- Choose those who are widely read. If a syndicated columnist for a large newspaper frequently writes on your topic, there's your priority. Read her column; purchase and read her book. Recommend her book on your blog or site. Write her a nice e-mail applauding her book, telling how you recommend it to others, and asking if she'd be so kind as to consider your book. How do you know the circulation of a newspaper or magazine? Gale and Ulrich give you the numbers. Technorati lets you know how many people link to a site/blog, giving us an idea of how many people are paying attention to what they say.
- Prioritize reviewers who need it now. People will be looking for graduation gifts in about six weeks. Since I think my book would make a good graduation gift, I'll prioritize those short-lead-time writers who might want something on this topic. Big-time reviewers (e.g., Mid-West Book Review) receive lots of books in April and May, due to publishers wanting reviews for their summer marketing. I'll hit them in March, or wait until June, to increase my odds.
- Prioritize reviewers with whom I have a relationship. They may not be big-time, but if you get good reviews in local media, that can lead to reviews in bigger media. Starting local is a good way to build a platform.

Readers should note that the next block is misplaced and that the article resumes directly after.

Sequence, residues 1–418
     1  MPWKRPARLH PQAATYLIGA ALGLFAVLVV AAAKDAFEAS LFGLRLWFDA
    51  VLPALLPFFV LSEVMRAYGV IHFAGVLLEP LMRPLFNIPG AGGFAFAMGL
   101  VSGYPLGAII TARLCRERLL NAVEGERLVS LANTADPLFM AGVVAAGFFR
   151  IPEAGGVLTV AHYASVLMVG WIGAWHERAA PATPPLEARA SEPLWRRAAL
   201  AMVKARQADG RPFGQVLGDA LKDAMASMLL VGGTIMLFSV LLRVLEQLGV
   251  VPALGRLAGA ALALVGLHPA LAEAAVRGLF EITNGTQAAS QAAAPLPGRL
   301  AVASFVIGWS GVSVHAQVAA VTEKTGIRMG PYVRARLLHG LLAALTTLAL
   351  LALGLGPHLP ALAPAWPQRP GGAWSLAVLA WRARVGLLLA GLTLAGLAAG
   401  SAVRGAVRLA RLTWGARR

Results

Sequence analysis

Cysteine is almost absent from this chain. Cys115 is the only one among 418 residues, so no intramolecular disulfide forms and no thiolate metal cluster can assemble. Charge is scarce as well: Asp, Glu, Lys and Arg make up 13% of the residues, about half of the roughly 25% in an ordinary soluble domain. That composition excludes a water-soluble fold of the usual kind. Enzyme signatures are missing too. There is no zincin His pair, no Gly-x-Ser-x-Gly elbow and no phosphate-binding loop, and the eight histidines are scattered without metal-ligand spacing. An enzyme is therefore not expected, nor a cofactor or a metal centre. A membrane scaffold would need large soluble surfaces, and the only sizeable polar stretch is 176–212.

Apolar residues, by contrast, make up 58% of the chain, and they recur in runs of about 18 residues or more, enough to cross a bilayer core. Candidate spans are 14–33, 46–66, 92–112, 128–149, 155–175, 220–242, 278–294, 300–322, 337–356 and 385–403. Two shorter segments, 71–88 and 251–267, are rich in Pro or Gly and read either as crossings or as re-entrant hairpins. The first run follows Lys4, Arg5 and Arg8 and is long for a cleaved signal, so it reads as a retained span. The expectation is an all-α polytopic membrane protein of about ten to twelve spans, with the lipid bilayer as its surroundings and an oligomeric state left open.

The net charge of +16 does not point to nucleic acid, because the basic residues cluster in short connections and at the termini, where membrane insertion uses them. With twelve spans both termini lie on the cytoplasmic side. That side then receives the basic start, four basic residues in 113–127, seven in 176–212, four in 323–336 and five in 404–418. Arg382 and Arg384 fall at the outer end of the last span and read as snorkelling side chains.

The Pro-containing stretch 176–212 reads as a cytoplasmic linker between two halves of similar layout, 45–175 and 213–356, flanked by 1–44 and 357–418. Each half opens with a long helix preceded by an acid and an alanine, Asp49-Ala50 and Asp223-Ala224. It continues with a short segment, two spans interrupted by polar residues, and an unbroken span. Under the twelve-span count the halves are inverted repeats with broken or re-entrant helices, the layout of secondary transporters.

- Prioritize reviewers who share the views expressed in my book. Financial advisers promoting short-term trading and get rich quick schemes wouldn't recommend a book like mine that warns people to avoid people like them.
But let's say that you send out an initial batch and discover that your book's getting good reviews and sales based on those reviews. Then forget the rule of thumb to send out "300 to 500 review copies." If you find 1000 legitimate reviewers with decent followings, keep sending them out over the months. As long as you're making money and generating sales, keep at it!
Sure, it takes some time to find these publications and writers. But it sure beats having a book that nobody knows about. And it sure beats wasting time and money by blindly sending out copies to people who have no interest in your book, only to find them sold as used books on Amazon.